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New Release Review - HAPPY DEATH DAY

HAPPY DEATH DAY review
A medical student is forced to repeatedly relive the day of her murder until she can identify her killer.







Review by Eric Hillis

Directed by: Christopher Landon

Starring: Jessica Rothe, Israel Broussard, Ruby Modine, Rachel Matthews

HAPPY DEATH DAY poster


Once in a while Hollywood figures out a genre and gets it down pat - musicals and gangster movies in the '30s, noir in the '40s, westerns in the '50s - delivering a series of quality entertainments off a well oiled production line. In the 21st century, Hollywood has come in for much criticism for its inability to consistently deliver satisfying blockbusters, but if there's one type of movie Hollywood now does better than anyone it's the female led teen comedy. Movies like Mean Girls, Easy A, The DUFF and The Edge of Seventeen have managed to win over both their target audience of teenage girls and jaded critics by delivering smart, witty, well crafted entertainments, usually anchored by a lead performance from an exceptionally talented young actress. And refreshingly, none of these films are designed to launch franchises; rather they focus on spinning a single story in 90 or so minutes.

HAPPY DEATH DAY

Using the now much copied Groundhog Day format, Happy Death Day combines the female led teen comedy with the slasher movie, and yet again is fronted by a lead performance from a gifted ingenue, in this case Jessica Rothe, a 30-year-old actress who after grafting in background roles (you may recognise her from a small role as Emma Stone's roommate in La La Land) for the past half decade finally gets a showcase for her talents. On the evidence of Happy Death Day, we'll be seeing a whole lot more of Rothe in years to come. Her performance here is so confident, assured and naturally charismatic, it creates the impression that this is a star we've seen fronting movies for decades, rather than a relative newcomer.

Rothe is Theresa Gelbman, a narcissistic medical student who wakes up nursing a raging hangover on the morning of her birthday in the dorm room of geeky nice guy Carter Davis (Israel Broussard). After a walk of shame through the college grounds, Theresa goes about her daily routine of being a total bitch to everyone she meets, refusing to answer her father's phone calls, romping with her hunky professor in his office and ending the evening getting wasted at a party. However, this day ends with Theresa getting offed by a masked, knife-wielding killer.

HAPPY DEATH DAY

To her surprise, Theresa immediately reawakens in Carter's dorm room, finding it's the same day. Shrugging it off as a weird dream, Theresa goes about her business, but once again her day ends with her demise, and once again she wakes up in Carter's room. Enlisting the aid of horror movie fan Carter, Theresa realises her only hope of escaping the loop is to identify her killer. Who would want to kill her? Or rather, who wouldn't? Thanks to Theresa's abrasive, snooty personality, practically the entire campus is a suspect.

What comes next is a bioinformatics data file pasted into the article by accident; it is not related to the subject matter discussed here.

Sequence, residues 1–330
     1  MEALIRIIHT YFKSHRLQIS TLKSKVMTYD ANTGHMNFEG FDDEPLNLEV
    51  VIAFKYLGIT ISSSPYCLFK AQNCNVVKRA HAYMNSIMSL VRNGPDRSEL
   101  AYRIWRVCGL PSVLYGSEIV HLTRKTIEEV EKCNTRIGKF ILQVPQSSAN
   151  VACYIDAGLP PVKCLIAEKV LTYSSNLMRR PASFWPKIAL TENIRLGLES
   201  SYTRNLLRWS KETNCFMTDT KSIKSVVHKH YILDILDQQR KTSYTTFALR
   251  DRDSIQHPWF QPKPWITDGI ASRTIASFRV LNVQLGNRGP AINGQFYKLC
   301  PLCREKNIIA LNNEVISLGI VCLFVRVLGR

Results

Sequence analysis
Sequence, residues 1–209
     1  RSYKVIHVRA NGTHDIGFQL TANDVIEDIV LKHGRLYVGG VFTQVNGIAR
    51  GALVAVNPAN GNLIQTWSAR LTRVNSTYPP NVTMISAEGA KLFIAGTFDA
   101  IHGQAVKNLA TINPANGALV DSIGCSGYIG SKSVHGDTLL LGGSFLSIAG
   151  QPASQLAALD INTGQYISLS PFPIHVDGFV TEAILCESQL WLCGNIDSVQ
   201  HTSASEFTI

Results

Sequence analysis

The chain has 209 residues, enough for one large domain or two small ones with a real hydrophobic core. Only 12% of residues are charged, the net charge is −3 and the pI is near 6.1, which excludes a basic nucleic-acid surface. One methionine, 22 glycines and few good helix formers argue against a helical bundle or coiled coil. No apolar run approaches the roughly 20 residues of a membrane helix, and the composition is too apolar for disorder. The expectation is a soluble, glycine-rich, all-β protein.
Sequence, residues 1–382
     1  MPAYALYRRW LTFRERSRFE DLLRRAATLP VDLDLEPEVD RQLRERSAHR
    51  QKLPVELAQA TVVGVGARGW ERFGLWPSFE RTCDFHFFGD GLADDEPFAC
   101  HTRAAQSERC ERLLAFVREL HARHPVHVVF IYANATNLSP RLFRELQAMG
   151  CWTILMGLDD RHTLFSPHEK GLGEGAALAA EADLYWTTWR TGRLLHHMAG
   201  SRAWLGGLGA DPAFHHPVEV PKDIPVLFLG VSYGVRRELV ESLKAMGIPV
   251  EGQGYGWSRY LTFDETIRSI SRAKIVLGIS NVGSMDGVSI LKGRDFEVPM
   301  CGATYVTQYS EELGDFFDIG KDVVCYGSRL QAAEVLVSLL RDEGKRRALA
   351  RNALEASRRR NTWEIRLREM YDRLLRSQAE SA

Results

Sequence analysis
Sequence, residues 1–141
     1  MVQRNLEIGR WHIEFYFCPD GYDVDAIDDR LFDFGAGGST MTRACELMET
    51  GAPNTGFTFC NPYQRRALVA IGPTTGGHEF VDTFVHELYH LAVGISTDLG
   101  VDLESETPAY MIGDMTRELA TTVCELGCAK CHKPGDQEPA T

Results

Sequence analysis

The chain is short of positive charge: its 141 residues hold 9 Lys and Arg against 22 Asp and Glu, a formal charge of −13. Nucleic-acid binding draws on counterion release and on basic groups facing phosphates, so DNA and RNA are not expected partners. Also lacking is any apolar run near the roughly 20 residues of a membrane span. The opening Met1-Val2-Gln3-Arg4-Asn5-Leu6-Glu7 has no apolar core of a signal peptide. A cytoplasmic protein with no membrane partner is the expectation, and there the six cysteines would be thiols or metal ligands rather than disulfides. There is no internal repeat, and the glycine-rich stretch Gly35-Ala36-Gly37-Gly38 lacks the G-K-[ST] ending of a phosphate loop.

I've often wondered how a slasher movie might play out if its heroine were the bitchy, promiscuous sorority girl (usually the first to get killed; well, after the black guy) rather than the timid virgin who inevitably becomes the 'final girl'. Happy Death Day has the ingenious idea of presenting us with a protagonist who begins the film as exactly the sort of bitchy, promiscuous sorority girl who provides disposable fodder for the blade of a masked murderer. To escape her fate, Theresa must transition herself into a better person - just as Bill Murray did to win over Andie MacDowell in the 1993 comedy that provides Happy Death Day with its template - essentially morphing from the sort of stereotype most likely to die in a slasher movie into the one most likely to survive. With the horror genre undergoing so much postmodern examination in recent decades, it's incredible that nobody thought of this ingenious premise before.

HAPPY DEATH DAY

Happy Death Day is an example of old fashioned, airtight American storytelling at its best, and it's no surprise to find it was penned by a single writer (Scott Lobdell, making a seamless transition from comic books to cinema). Unlike the average modern Hollywood script - usually a bloated, unfocussed mishmash of the work of three or more writers - Lobdell's is expertly structured and free of the sort of expository dialogue that so often mars postmodern horrors, with none of the clunkiness of the Scream franchise and its many imitators. It outdoes the impressive Edge of Tomorrow in its employment of a time-loop structure, and it's arguably a better version of Groundhog Day than Groundhog Day itself. It certainly has a more engaging protagonist. To quote Theresa, "Who's Bill Murray?"

Happy Death Day is in UK/ROI cinemas now.



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